An equitable agri-food system transformation can only exist if all agricultural workers’ human rights are respected and safeguarded across the value chain. These include addressing issues relating to land tenure, living wage and forced labor. Endorsed unanimously by all United Nations member states, the Guiding Principles for Business and Human Rights (UNGPs) - the global framework for business due diligence on human rights – mandated that all businesses “protect, respect, and remedy” human rights within their operations and are held responsible for abuses in the broader supply chains in which they operate. WBCSD members can play a leading role in championing and protecting these rights. GAA-EL’s work reinforces at a sector-level WBCSD’s CEO Guide to Human Rights, in which 35 executives of WBCSD member companies committed to raise the bar on human rights performance.
Agribusinesses have significant land footprints and are major employers worldwide, including in countries with fragile social and political environments and weak jurisdictions. Value chains are often complex and multi-tiered, including different agricultural inputs, farm sizes, and operational schemes which can make addressing human rights issues in value chains challenging. However, this complexity does present a broad range of human rights and sustainability issues that in which agribusinesses could have a positive impact. WBCSD’s criteria include the requirement for members to publicly commit to respect internationally recognized human rights in line with the UNGPs and disclose annual progress in line with agreed transparency criteria.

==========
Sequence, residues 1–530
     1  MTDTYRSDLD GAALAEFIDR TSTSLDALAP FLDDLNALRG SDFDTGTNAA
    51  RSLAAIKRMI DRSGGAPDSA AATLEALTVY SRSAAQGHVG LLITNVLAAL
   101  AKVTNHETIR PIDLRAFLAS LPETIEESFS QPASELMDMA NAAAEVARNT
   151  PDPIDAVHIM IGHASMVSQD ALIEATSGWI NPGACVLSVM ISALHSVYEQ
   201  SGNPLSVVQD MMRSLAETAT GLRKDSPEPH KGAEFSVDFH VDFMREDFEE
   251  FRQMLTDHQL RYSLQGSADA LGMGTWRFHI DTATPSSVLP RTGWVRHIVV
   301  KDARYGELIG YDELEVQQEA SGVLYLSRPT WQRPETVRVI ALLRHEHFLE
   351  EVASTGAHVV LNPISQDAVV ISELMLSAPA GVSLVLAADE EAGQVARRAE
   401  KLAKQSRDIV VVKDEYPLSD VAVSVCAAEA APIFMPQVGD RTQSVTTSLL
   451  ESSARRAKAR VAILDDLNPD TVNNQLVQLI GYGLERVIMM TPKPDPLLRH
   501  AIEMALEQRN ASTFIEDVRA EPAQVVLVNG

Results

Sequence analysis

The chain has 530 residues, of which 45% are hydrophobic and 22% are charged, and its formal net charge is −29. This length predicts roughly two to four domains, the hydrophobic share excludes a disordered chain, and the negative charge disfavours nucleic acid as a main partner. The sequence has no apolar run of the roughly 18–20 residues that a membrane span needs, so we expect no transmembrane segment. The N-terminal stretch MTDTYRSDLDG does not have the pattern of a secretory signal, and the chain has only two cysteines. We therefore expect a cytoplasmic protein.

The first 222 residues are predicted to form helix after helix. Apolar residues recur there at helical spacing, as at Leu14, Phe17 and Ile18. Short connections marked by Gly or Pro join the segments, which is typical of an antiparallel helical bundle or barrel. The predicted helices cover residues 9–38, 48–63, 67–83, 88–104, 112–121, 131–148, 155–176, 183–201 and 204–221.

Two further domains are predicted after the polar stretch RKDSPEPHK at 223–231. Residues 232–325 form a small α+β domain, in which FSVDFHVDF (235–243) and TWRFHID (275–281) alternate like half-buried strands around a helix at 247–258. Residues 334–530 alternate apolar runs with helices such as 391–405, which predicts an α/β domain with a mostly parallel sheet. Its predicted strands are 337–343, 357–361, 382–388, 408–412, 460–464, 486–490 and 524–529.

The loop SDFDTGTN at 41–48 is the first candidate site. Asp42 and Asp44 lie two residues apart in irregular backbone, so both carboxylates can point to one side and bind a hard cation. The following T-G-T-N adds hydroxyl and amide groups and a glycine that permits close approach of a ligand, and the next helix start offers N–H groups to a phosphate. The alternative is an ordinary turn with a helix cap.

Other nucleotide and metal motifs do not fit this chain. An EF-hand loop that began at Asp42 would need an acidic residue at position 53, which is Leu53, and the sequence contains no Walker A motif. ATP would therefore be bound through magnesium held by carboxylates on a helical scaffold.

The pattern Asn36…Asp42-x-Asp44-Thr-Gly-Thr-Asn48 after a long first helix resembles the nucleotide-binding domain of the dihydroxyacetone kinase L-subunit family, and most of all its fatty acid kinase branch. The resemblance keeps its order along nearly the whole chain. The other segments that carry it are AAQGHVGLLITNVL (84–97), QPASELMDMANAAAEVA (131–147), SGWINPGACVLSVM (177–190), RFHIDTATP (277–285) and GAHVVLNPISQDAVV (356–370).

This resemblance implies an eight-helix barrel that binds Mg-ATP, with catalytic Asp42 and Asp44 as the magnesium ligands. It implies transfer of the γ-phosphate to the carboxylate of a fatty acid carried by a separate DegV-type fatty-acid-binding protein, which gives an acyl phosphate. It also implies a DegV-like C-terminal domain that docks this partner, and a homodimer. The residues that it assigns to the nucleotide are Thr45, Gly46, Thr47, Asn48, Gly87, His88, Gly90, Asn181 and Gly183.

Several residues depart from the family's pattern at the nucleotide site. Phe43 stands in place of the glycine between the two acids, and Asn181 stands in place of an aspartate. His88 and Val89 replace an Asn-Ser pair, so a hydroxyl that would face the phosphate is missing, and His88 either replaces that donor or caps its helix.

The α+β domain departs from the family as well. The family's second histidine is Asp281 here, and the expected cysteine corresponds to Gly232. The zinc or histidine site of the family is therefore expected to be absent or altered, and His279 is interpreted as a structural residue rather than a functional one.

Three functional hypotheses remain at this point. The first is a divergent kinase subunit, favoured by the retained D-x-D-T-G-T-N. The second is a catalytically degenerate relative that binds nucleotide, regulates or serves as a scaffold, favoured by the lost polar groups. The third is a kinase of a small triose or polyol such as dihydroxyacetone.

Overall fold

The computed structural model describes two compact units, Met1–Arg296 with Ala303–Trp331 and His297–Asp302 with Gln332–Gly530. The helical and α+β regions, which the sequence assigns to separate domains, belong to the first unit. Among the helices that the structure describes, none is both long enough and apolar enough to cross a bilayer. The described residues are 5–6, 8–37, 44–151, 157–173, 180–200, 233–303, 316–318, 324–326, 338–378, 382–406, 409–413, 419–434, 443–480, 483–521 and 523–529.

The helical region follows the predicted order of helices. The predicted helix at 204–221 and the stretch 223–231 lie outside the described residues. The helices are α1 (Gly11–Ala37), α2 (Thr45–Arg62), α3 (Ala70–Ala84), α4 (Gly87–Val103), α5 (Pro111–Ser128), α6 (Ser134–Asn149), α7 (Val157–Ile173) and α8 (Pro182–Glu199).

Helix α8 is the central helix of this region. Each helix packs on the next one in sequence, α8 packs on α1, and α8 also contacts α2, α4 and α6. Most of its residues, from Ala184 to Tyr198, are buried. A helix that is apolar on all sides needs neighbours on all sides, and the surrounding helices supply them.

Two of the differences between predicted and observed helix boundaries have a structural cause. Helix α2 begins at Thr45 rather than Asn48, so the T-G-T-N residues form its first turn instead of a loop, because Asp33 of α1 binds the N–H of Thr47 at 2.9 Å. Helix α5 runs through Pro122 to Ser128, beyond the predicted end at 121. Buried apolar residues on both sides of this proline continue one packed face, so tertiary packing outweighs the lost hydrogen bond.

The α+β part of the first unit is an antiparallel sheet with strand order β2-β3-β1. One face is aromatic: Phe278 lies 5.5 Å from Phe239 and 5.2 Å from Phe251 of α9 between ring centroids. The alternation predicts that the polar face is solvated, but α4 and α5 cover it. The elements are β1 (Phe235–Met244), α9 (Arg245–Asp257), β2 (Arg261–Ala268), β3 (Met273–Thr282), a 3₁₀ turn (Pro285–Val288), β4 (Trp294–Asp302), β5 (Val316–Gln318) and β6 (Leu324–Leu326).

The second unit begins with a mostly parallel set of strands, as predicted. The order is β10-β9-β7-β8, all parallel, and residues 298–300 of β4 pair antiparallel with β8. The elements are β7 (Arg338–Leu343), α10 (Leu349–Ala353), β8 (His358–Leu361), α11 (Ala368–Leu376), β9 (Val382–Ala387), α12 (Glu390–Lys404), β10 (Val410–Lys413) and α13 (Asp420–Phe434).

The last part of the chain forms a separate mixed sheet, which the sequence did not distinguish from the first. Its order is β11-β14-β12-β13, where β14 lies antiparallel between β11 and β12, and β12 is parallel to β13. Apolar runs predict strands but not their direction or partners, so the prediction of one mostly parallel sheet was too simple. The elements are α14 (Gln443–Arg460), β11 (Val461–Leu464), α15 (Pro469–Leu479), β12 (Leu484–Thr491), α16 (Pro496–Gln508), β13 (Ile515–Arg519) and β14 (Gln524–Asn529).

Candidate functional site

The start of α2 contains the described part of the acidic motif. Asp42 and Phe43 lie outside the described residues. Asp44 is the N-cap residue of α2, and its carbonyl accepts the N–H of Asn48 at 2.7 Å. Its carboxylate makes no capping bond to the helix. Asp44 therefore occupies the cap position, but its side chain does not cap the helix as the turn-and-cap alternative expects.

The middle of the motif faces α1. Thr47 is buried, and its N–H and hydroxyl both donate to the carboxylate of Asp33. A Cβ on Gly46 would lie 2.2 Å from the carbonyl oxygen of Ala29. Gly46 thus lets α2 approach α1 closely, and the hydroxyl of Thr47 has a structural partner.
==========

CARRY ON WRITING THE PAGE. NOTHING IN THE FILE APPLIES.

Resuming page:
Regulation around human rights disclosure is extending beyond the disclosure of steps taken (even if none), to requiring an implementation of due diligence or holding companies legally responsible for not doing so. Benchmarking using publicly available information is becoming increasingly prevalent and gaining greater recognition amongst stakeholders, who are using the data to assess company performance to inform investments, private or public procurement, government development of relevant legislation, shareholder resolutions and consumer campaigns. Leveraging rapid communications technologies, public pressure on and expectations for companies and their CEOs are high and only set to increase.
In 2020, GAA-EL published an agribusiness toolkit to foster alignment and improve human rights policy and practice within the project’s membership and the sector. It aims to build awareness, understanding and capacity around the human rights agenda. GAA-EL is now developing customizable train-the-trainer packs for internal engagement. In parallel, effort is focusing on peer-learning and joint problem-solving is being amplified through blogs and interviews with partners and members, including examples of private sector best practice and case studies detailing how salient human rights issues are navigated.